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Screenshot: Remedy Entertainment

Next month’s release of “Alan Wake Remastered” highlights one of the most frustrating things about gaming: new games age quickly, and, before you know it, they become hard to access or play.

Why it matters: Games have such a significant preservation problem that even an acclaimed interactive thriller like “Alan Wake,” released a mere 11 years ago, needs an expensive salvage effort to bring it to a large audience today.

Between the lines: The original “Alan Wake” is technically playable now without a remaster, but only on PC and Xbox platforms (no PlayStation, no Nintendo) and running at a resolution and frame rate that would be off-putting to many modern players.

  • “Games tend to age very differently than movies,” Thomas Puha, communications director for the game’s original studio, Remedy, told Axios.
  • They are usually limited to the performance of the hardware they first ran on, putting “Alan Wake” now two generations behind what console players expect to see from a new release.
  • Because they are software, any significant remastering for new devices can require technical reworks. In the case of the moody “Alan Wake,” that meant a one-year process by Remedy and British studio D3T to polish visuals and rework underlying code for lighting, fog and foliage.

Keeping games around is not just a tech issue: In 2017, “Alan Wake” was removed from digital storefronts after the expiration of the music rights to its many licensed songs.

  • It returned more than a year later after those rights were restored.

The big picture: Games are fleeting, and players simply can’t assume that titles — even popular hits — will remain available to easily play.

  • Mobile games and others that are tied to servers exist only as long as their publishers keep those servers active.
  • Even giant companies like Nintendo, which makes piles of money reselling its older games, can just opt to not spend the time or resources to make certain classics run on its newest hardware.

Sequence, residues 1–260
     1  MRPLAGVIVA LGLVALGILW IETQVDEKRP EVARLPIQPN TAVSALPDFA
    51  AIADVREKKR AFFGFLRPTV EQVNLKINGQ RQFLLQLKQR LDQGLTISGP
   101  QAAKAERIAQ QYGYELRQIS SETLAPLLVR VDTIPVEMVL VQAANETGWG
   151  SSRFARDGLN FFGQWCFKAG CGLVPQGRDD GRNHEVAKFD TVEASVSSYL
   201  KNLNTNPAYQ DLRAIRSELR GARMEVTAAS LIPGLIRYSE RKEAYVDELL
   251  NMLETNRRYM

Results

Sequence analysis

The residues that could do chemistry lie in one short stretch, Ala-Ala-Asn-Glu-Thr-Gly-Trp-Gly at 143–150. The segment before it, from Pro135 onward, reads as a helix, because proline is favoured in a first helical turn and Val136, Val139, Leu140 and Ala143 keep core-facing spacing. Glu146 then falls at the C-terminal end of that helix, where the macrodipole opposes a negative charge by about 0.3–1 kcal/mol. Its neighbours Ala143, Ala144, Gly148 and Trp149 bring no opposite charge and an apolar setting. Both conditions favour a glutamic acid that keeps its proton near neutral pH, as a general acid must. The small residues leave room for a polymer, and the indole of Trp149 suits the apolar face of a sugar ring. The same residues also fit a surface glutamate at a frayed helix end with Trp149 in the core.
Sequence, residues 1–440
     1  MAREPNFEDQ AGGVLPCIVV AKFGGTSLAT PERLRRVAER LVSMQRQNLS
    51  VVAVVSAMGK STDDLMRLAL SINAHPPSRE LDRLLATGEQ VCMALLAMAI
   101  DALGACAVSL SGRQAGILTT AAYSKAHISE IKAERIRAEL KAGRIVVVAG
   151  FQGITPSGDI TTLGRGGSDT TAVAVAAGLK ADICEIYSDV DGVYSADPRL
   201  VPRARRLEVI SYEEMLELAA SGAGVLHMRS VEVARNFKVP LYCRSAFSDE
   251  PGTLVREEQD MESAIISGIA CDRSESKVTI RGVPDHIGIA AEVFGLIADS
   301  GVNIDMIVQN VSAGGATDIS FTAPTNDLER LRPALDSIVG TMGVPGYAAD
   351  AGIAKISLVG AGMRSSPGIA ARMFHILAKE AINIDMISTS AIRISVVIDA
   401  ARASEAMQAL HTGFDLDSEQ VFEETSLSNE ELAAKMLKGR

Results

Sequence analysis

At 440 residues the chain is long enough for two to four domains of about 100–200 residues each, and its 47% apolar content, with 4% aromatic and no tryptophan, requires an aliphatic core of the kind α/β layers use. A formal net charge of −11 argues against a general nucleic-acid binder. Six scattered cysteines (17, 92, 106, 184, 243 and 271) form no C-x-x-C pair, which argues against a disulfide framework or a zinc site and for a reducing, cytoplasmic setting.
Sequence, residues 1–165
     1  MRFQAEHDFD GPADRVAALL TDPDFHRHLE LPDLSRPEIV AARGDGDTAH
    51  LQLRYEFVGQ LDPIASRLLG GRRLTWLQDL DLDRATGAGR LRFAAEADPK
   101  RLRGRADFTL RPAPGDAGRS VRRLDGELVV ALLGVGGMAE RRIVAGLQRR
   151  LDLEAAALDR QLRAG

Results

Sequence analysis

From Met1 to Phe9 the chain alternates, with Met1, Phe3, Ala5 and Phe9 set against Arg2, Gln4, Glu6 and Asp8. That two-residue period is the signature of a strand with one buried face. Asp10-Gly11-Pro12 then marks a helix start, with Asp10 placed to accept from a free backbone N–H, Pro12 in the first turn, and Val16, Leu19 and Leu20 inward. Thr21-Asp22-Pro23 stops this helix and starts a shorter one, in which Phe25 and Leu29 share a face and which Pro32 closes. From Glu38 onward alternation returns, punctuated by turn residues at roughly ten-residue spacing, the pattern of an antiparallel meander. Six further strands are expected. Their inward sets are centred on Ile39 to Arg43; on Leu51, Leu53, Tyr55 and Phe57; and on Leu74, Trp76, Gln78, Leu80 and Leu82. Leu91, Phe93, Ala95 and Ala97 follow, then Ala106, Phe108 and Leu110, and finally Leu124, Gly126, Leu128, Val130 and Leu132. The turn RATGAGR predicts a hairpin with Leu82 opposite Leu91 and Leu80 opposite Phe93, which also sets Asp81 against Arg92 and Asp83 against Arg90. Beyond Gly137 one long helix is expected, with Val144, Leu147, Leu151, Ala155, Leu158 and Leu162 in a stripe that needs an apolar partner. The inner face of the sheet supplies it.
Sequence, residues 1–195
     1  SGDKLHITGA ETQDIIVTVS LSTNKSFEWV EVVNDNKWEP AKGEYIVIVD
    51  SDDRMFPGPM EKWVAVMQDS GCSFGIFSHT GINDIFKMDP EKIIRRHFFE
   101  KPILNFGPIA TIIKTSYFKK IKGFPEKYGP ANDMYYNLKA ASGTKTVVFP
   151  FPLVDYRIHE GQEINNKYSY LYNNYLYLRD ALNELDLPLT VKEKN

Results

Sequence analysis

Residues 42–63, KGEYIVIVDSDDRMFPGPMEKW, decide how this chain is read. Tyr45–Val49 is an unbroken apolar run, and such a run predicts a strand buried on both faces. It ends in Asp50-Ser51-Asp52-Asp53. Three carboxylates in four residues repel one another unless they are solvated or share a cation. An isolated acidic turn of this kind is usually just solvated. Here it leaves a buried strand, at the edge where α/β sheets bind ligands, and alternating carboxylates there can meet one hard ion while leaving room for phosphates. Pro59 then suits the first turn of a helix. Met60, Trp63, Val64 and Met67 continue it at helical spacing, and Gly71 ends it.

Consider this: Some of the lead creators behind Activision Blizzard’s expensive remake of “Diablo II” previously made a 2018 expansion for “Destiny 2” called Warmind that was removed from the online-only game in 2020. 

  • One of its creators, Vicarious Visions’ Michael Bukowski, recently told Axios he takes an optimistic view of such things: “I've been making games around a long time, so I'm sure there'll be an opportunity for that to come back.”

What's next: For "Alan Wake Remastered" (Oct. 5, PC, PS4, PS5, Xbox One, Xbox Series), the game’s content is largely unchanged, without any retcons or changes to gameplay.

  • When asked about whether the game might have been tweaked to connect to other Remedy games, Puha said, “Definitely pay attention by playing the remaster, is what we’re going to say.”

Go deeper

"Metroid Dread" developer's complaint highlights problems with video game credits

"Metroid Dread." Screenshot: Nintendo

Video game developer Roberto Mejías created some of the visuals that players see in Nintendo’s new hit Switch game “Metroid Dread,” but, to his frustration, his name does not appear in its credits.

Why it matters: Video game credits are inconsistent across the industry and are often complicated by the policies and politics of the studios and publishers that create them.

Mike Allen, author of AM
2 hours ago - Politics & Policy

Fauci fires back at Rand Paul for slam on tonight's "Axios on HBO"

Responding to charges by Sen. Rand Paul on Sunday's "Axios on HBO," NIAID director Anthony Fauci told "ABC This Week" that it's "molecularly impossible" for U.S.-funded bat virus research in China to have produced COVID-19.

Why it matters: The issue 0f Wuhan research was reignited on the right last week with a National Institutes of Health letter to Congress disclosing more about the research.

Manchin, Schumer huddle with Biden in Delaware to discuss spending bill

Senate Majority Leader Chuck Schumer (L) and Sen. Joe Manchin (R) at the U.S. Capitol on Nov. 13, 2014. Photo: Win McNamee/Getty Images

Sen. Joe Manchin (D-W.Va.) will meet with President Biden and Senate Majority Leader Charles Schumer (D-N.Y.) on Sunday morning in Delaware as Democrats look to reach an agreement on the massive spending measure.

Driving the news: Democrats are still negotiating what to keep in the bill and how to pay for it, with Biden saying on Thursday that the party does not have the votes to raise the corporate tax rate.